By George Grant.
Tripoli, 22 June:
The Italian foreign minister, Guilio Terzi, has defended the migration control agreement signed between his country and . . .[restrict]Libya last April, amidst renewed criticism from rights group Amnesty International.
On Wednesday, Amnesty called on the Italian government to “sink” the agreement, in which the Italian authorities are working with their counterparts in Tripoli to stem refugee flows from Libya, claiming “migrants, refugees and asylum-seekers risk serious human rights abuses there”.
Terzi has insisted that the accords “comply with international conventions” and “are based on respect for human dignity.
“I believe that the basic point is the Declaration of Tripoli, in which the NTC undertook along with the Italian government to comply with all existing international conventions concerning human rights, the rights of migrants, the conditions regarding human dignity and the dignity of the individual and this is the basic architecture on which all pre-existing accords were based and which will guide future technical stipulations”, the minister added.
However, Amnesty International has criticised the Italian government for failing to make the precise content of the accord public, and has claimed that the agreement runs in violation of its commitment not to return migrants to Libya following the European Court of Human Rights case, “Hirsi Jamaa and Others v. Italy”.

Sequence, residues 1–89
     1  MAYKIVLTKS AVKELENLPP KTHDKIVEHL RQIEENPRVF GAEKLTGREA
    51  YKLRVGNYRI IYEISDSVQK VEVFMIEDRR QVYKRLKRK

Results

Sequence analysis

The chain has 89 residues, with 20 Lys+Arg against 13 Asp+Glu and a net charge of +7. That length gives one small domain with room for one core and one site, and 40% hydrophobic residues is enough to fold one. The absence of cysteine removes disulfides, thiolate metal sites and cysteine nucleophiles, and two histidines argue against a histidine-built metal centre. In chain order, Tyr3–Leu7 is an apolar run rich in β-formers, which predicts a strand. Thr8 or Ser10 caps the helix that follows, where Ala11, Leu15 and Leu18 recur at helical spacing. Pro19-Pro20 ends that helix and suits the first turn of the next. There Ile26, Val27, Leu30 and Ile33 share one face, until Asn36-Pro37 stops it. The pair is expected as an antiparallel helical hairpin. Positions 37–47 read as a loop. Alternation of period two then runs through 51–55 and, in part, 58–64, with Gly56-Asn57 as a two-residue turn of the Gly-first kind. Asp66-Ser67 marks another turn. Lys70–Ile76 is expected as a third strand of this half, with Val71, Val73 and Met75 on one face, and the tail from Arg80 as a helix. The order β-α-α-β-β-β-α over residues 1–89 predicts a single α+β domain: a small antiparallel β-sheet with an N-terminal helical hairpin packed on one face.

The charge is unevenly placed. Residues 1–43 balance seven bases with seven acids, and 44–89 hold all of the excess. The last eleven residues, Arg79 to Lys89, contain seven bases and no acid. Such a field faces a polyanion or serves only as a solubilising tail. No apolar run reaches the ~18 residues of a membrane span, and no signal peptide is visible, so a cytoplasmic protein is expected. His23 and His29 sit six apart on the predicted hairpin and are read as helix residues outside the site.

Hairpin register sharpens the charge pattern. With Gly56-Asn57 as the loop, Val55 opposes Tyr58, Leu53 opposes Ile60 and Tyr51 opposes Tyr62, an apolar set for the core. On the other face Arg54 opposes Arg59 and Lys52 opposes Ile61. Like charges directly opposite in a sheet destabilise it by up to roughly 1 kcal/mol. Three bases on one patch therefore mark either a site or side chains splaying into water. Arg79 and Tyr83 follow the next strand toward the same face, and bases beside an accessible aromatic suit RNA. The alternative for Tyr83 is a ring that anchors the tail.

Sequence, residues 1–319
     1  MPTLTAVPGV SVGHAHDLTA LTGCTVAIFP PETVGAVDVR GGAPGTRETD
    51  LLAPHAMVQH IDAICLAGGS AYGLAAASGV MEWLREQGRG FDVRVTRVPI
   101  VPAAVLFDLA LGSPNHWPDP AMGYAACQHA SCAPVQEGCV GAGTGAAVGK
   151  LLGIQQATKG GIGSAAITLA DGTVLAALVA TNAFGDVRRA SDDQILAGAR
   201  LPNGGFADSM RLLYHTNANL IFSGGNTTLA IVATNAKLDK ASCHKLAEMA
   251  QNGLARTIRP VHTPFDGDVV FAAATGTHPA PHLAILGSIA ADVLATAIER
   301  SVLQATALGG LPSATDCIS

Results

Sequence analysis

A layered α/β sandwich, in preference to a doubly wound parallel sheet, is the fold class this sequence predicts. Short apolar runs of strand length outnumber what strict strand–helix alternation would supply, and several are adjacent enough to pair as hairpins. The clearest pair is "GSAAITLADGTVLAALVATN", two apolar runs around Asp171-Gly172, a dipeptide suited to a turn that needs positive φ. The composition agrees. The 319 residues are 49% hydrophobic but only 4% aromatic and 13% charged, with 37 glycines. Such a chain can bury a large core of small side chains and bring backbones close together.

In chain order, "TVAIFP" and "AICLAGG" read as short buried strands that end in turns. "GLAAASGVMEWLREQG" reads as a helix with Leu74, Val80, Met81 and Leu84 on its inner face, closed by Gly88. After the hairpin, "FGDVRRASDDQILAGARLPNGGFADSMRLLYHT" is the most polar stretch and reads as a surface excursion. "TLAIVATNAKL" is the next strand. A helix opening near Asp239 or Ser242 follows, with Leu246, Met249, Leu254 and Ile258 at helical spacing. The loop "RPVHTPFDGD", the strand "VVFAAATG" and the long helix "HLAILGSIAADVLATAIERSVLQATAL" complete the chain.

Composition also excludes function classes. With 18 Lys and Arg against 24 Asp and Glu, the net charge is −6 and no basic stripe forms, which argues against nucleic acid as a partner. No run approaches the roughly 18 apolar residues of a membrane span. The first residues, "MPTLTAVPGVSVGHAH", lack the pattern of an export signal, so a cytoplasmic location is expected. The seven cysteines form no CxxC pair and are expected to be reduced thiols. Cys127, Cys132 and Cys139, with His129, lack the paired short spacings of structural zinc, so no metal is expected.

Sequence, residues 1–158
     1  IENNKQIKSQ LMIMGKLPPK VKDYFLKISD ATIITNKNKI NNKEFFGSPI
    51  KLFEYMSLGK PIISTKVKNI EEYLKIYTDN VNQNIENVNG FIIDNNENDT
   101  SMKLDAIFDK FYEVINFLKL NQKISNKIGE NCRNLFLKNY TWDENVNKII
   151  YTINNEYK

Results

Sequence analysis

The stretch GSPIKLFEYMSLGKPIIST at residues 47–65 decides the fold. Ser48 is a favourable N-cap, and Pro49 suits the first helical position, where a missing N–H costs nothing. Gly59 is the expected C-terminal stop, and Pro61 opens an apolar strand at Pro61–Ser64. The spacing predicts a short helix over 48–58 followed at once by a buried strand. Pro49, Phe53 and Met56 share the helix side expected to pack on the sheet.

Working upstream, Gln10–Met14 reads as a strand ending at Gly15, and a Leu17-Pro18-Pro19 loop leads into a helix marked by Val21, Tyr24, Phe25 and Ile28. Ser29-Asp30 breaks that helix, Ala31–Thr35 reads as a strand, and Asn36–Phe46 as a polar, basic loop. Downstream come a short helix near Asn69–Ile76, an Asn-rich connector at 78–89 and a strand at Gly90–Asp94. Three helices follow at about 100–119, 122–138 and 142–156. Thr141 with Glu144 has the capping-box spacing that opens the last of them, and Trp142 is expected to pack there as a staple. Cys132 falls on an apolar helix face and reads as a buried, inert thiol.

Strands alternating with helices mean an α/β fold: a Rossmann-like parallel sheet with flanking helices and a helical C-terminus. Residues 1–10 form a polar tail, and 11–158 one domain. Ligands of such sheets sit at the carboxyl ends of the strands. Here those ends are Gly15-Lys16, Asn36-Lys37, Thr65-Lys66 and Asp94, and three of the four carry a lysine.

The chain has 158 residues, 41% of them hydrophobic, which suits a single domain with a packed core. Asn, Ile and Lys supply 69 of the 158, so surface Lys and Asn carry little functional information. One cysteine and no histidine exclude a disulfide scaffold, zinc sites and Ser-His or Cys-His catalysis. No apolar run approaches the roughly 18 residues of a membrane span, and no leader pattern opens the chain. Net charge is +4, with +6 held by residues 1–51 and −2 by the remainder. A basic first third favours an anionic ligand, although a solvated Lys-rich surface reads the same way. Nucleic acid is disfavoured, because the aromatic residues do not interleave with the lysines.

In this case, the court ruled unanimously that Italy violated the European Convention of Human Rights by forcibly returning a group of asylum seekers by sea to Libya. Amnesty declined to mention that this incident took place in May 2009, whilst Libya was still ruled by the regime of Muammar Qaddafi.
The rights group has said that the Italian government should rescind all existing migration control agreements in Libya, until such time as Tripoli “demonstrates that it respects and protects the human rights of refugees, asylum-seekers and migrants and puts in place a satisfactory system for assessing and recognising claims for international protection.”
Italy’s interior minister, Anna Maria Cancellieri, has insisted her government would not be scrapping the agreement, but would continue to assist Libya in implementing the accord. “We are working on helping Libya to get the needed equipment and tools that will help prevent illegal immigration in secret through its coasts”, she said.